In order to decrease the gap between budget proposals from the GOP and Governor Dayton, the GOP agreed to raise spending on education and the courts by another $110 million. However, the governor still wants the GOP to raise spending by another $1.7 billion. Unfortunately, the GOP's choice for legislative leadership right now is not very adept at dealing with the media, and they are too fearful of losing their political positions to be effective. They are virtually guaranteed to raise spending by the full $1.7 billion Dayton is demanding before the end of July.
If the Democrats dig in and do not cede any ground between now and July, Republicans sill go most -- if not all -- of the way to meet them. If the Democrats show any weakness, Republicans might be a little slower to give in, but that is not likely. Democratic leadership usually is able to handle public relations adequately that they do not make mistakes or end up in a panic at the last minute, as the Republicans do nearly every year.
Minnesota House leader hopeful government shutdown can be prevented
There’s still a $2 billion difference between their budget proposals, but House Majority Leader Matt Dean said Tuesday that Minnesota’s Republican lawmakers and Democratic Gov. Mark Dayton are “moving in the right direction” to prevent a government shutdown.
Senate and House Republican leaders met with Dayton on Monday to bump up their proposals for “kids, courts and cops” — boosting their budget by $110 million to match the governor’s spending requests for public safety and K-12 education.
“We’re coming to his number on about half the budget in an attempt to try to resolve the differences and prevent a government shutdown and reach compromise in the areas that we immediately can,” said Dean as he travels across northern Minnesota this week to discuss lawmakers’ work to break the political gridlock.
While the offer takes a good chunk of the budget differences “off the table,” he said there’s not much time to reach agreement on the other half of the next two-year spending package — which will need to be in place by June 30.
Finding ‘common ground’
Republican lawmakers approved several budget bills during the session, which ended late last month. But Dayton vetoed the bills and said they’ll have to include new revenues in their plan in order to break the stalemate.
Another issue is the overall size of the budget: Dayton’s plan would spend about $36 billion over the next two years, while Republicans want to keep government spending below $34 billion.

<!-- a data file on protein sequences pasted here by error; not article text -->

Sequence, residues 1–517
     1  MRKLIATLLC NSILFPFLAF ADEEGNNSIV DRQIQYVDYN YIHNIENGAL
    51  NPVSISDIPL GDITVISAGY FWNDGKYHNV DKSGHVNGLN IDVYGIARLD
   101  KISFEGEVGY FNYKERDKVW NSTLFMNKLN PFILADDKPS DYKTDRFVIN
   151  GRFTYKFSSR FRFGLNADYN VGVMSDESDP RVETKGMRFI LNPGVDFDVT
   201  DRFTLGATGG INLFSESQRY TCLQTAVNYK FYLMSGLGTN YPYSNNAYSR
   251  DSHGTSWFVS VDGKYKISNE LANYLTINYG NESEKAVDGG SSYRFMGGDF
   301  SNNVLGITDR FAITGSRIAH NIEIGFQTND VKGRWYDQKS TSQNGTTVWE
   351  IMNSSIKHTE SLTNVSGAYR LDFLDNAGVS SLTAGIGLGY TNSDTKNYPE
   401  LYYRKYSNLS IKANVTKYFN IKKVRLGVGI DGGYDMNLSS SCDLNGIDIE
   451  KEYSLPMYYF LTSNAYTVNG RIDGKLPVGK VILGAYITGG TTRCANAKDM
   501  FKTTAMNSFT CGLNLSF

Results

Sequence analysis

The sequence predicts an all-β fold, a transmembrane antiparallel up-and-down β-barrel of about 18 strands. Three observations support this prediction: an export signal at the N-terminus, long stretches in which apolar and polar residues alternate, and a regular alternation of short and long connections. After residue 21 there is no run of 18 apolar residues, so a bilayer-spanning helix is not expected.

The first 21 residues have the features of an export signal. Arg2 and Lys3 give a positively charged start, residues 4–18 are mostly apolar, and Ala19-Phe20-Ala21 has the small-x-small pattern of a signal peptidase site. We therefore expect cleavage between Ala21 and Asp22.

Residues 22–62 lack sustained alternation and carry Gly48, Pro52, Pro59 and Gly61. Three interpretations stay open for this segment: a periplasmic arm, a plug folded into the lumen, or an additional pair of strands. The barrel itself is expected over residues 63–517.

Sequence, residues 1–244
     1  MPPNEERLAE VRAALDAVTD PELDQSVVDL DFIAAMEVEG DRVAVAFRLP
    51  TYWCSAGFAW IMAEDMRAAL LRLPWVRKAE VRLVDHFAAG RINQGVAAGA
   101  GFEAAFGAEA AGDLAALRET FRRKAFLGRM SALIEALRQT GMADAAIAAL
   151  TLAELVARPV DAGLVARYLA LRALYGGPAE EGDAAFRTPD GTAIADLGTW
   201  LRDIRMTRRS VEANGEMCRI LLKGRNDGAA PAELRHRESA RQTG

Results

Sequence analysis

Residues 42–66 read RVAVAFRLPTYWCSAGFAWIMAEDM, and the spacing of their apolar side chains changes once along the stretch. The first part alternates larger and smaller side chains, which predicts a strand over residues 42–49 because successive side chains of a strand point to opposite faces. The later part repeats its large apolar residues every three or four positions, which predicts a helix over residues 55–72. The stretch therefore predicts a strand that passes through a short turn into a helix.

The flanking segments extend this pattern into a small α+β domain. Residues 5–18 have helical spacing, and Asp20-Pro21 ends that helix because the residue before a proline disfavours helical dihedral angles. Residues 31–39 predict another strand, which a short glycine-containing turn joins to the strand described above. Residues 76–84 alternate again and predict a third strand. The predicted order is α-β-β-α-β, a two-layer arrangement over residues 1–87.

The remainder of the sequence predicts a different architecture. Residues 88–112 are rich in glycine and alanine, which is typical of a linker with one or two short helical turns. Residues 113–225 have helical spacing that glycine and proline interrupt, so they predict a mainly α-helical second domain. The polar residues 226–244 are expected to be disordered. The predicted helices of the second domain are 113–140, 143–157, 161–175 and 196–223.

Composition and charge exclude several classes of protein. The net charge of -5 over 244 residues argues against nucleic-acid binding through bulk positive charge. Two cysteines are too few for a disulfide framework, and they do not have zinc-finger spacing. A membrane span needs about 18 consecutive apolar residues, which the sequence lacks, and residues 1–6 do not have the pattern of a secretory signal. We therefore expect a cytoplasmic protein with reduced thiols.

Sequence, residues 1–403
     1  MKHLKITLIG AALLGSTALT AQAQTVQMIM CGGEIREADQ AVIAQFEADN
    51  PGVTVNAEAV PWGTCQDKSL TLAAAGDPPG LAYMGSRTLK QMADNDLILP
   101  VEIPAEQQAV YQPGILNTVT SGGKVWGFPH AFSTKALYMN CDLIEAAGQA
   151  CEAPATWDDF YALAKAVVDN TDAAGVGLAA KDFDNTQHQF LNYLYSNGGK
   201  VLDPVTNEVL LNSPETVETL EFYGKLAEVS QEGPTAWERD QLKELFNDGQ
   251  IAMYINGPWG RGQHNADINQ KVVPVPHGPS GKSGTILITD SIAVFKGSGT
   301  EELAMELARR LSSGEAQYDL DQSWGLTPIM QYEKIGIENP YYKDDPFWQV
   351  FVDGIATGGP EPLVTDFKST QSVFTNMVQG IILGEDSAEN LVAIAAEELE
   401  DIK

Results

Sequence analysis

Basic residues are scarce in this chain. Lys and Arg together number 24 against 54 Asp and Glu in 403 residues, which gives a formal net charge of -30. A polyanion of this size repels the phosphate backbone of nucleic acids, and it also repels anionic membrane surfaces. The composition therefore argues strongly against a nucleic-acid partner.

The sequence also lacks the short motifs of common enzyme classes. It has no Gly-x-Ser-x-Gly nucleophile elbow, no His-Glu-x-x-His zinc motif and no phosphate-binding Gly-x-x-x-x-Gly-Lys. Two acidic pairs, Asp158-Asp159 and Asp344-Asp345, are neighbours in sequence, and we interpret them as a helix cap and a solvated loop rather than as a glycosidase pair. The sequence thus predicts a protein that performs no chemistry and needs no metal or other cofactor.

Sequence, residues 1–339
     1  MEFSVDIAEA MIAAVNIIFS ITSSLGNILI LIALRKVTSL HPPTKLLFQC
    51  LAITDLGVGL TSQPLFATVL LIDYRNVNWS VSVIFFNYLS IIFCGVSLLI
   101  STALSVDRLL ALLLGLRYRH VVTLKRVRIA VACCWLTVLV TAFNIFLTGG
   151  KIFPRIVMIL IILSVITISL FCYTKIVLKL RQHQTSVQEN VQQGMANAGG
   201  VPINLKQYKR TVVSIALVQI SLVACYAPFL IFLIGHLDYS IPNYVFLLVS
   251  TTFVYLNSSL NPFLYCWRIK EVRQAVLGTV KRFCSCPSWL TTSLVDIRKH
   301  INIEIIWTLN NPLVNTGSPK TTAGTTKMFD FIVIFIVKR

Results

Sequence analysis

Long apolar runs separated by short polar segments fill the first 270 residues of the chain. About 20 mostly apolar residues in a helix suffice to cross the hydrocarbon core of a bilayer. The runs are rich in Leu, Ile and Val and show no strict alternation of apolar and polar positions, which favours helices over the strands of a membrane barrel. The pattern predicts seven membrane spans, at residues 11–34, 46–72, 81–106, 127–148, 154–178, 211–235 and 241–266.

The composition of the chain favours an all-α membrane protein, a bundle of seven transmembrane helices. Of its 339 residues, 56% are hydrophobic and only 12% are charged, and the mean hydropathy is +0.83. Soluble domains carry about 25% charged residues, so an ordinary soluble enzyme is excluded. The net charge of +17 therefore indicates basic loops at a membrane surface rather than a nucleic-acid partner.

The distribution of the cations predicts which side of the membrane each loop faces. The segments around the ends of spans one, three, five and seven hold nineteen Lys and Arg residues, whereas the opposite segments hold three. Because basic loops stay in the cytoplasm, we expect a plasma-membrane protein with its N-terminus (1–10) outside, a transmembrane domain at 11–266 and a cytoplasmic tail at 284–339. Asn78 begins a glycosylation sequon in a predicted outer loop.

Dean said their agreement this week to match some of Dayton’s funding proposals was a “substantial move” to get closer to a final agreement.
“I think the offer on the table is a big deal,” he said. “It’s not the final offer by any means, and we’re going to keep talking and keep negotiating, but it’s a step in the right direction.”
Dayton told the Star Tribune that the Republican deal was a “meaningful offer,” but said there’s still a “huge gulf between us” and said he won’t sign a budget until they agree on the total amount of spending for the next two years.
Dean said Republican leaders will continue their work to find middle ground with the governor to avoid a shutdown, which he said would be “terrible” for the morale of state agencies, “bad” for the Legislature and most affect hourly workers who are at risk of losing their paychecks while the next budget details are hashed out.
“But it’s really bad for the governor because in East Grand Forks nobody knows who Matt Dean is, but everybody knows who Mark Dayton is,” he said. “And when the government shuts down, they blame the governor.”
Dean said he expects there will be several offers back and forth between GOP leadership and the governor this month as they try to resolve the stalemate and avoid a government shutdown.
Once an agreement is in place, Dayton will need to call a special session and work out final details before the budget can be passed.
There are some issues that the two sides are philosophically split on — Dean said Dayton is “very strongly” pro-choice, for example, while the vast majority of Republican lawmakers are pro-life.
“There’s probably not a lot of middle ground on many of those issues,” he said. “There are, however, issues where we can find common ground on spending and on education reform.”
And Dean said Republicans are hopeful they can work with Dayton to tweak spending plans and revenue proposals to come to an agreement before the end of the month.
“We have no interest in a shutdown; we want to prevent one,” he said. “It’s absolutely unacceptable and completely avoidable and unnecessary and so that’s what we’re going to work to prevent.”